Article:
When the underground finally fizzled out in the mid '70s we had to resort to more commercial topics like hi-fi, motorbikes, pop music and kung fu, and eventually to personal computers. As the only one with a background in science, I was elected to take home a Commodore PET and sit up in my basement flat every night for a year teaching myself to write programs in a dozen different obscure programming languages.

During those years we faced bankruptcy many times – whether from titles that lost money or from titles that made money but overstretched the cash-flow – but each time we sat down, examined the prospects and decided to carry on because getting a proper job was inconceivable. And we never once fell out, in 40 years of collaboration, perhaps because my analytical bent and his unshakable optimism complemented one another.

Eventually, Dennis Publishing grew into a provider of proper jobs for over 500 people, and gave many more a start in publishing through working there. It regularly wins awards as a model employer. Felix went off to the USA where he was warned that America's vast publishing corporations would eat him for breakfast, but instead they found that he'd eaten their lunch. Launching “The Week” in the USA was the publishing equivalent of going "all in" at the poker table, but once again he had the cards.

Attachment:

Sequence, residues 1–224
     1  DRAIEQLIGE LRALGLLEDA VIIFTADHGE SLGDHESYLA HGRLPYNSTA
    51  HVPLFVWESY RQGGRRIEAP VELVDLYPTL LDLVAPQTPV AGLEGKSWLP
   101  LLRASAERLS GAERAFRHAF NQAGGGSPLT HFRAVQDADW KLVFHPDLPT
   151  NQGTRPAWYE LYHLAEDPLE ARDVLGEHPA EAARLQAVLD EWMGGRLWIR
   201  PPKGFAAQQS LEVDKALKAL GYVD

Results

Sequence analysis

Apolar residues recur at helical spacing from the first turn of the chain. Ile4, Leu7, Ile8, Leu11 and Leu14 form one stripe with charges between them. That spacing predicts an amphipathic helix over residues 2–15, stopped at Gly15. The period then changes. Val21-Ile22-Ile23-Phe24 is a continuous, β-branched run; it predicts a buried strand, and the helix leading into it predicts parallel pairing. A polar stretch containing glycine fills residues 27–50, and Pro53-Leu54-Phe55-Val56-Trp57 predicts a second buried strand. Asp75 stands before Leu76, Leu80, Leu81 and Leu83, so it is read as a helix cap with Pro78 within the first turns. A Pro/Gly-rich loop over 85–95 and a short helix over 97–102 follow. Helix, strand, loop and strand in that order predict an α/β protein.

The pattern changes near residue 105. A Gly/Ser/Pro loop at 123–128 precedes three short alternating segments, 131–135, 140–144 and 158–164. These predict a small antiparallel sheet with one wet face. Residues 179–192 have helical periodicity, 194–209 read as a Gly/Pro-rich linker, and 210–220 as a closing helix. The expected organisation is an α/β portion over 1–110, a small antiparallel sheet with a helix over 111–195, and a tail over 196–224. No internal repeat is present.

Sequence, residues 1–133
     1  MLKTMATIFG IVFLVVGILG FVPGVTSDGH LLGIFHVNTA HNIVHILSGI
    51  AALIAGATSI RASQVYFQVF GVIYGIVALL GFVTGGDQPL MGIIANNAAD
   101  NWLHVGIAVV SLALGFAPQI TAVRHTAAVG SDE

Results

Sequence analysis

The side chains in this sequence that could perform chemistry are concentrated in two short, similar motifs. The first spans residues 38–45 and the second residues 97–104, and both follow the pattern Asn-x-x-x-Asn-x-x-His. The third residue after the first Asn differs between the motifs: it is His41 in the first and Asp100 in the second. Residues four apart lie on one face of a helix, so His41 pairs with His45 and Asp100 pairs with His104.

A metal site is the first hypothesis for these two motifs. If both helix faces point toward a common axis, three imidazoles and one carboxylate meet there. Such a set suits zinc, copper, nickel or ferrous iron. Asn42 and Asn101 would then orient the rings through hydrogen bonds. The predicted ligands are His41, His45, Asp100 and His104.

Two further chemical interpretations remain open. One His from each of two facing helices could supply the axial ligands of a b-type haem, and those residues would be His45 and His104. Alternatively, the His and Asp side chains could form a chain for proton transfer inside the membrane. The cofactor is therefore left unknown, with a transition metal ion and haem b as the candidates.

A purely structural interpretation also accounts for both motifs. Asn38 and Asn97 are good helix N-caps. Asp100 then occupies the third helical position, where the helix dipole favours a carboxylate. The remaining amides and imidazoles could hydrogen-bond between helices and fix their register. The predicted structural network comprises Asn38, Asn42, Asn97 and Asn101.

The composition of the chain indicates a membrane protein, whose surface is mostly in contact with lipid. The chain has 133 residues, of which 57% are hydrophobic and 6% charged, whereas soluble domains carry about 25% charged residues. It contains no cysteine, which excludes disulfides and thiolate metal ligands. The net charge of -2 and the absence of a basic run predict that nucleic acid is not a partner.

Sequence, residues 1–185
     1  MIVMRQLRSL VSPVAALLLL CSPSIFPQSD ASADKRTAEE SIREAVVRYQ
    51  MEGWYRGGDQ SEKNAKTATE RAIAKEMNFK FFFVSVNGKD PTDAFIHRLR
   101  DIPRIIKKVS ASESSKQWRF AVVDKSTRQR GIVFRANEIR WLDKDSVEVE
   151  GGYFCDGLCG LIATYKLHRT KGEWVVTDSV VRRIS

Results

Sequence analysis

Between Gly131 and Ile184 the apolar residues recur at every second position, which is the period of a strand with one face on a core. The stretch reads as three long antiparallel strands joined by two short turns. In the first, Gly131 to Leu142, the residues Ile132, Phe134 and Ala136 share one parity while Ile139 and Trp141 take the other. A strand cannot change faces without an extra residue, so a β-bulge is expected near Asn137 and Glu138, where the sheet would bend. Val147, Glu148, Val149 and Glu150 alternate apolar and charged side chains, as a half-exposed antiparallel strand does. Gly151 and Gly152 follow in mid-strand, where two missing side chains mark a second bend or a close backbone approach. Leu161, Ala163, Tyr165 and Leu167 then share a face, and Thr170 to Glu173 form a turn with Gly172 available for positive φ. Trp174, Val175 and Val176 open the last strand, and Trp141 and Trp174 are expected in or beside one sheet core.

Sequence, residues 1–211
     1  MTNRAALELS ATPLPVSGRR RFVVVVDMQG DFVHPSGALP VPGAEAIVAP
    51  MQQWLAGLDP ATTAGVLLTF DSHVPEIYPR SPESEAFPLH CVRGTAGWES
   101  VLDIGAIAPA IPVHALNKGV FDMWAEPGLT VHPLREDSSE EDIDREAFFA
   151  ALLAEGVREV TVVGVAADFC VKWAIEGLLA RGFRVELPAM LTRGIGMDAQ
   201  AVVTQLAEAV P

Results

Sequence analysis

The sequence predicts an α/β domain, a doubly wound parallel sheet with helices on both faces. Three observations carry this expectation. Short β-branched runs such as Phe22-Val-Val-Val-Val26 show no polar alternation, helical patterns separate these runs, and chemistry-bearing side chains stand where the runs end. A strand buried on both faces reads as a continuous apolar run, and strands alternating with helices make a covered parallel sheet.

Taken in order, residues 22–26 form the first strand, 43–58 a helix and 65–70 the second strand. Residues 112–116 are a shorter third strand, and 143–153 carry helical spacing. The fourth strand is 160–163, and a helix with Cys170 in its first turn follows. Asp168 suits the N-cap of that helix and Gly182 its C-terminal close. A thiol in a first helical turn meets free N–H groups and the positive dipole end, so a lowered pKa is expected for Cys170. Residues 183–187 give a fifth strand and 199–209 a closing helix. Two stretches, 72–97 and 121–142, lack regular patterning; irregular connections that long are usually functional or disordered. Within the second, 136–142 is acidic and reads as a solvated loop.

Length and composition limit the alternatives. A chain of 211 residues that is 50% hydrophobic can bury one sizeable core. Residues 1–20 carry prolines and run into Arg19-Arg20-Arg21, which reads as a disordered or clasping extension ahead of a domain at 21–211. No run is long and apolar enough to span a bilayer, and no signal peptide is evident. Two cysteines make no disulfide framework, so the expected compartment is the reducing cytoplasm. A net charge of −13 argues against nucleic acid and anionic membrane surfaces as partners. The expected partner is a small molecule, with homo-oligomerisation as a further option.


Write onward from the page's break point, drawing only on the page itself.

None of this is meant to deny that Felix's character displayed some baffling contradictions. He professed to hate computers and refused to use email, but took to Facebook like a cat to a piano, and recently brokered a deal whereby all 12,500 schoolchildren on the Caribbean island of St Vincent would receive a free laptop.

But his ambivalence isn't all that hard to fathom. Felix certainly belonged among that generation of entrepreneurs spawned by the 1960s counterculture – including Steve Jobs, Bill Gates and Jann Wenner – who created successful businesses in the media, information technology and culture industries.

They all continued to see themselves as rebels against an older establishment, and built companies whose ethos reflected counterculture values to some degree. They made millions through innovations that changed the way the whole world communicates, and it was as much the change as the money that excited them – unlike those succeeding generations who went into Wall Street to take the money and run.

However, though his career saw him dealing with Apple, Microsoft and the rest, Felix differed from this cohort in one important way – his deep love of the printed word, which made him quite unhappy with some of the innovations they wrought. Despite (maybe because of) his neglect of school in favour of rock 'n roll, Felix became a voracious reader who consumed several books a week, spanning every genre from fiction through poetry to science. He couldn't bear the thought of printed books being displaced by electronic media and took a conservative, curmudgeonly line when confronting starry-eyed digital utopians, though he was realist enough to permit Dennis Publishing to become successful pioneers in the digital realm.

Like all moguls he had a powerful will, but unlike most he didn't force it on everyone else. Perhaps the best tribute to Felix I can think of is that the last 40 years have never felt like work, and though he's gone and will be terribly missed, we'll carry on doing it, whatever you want to call it...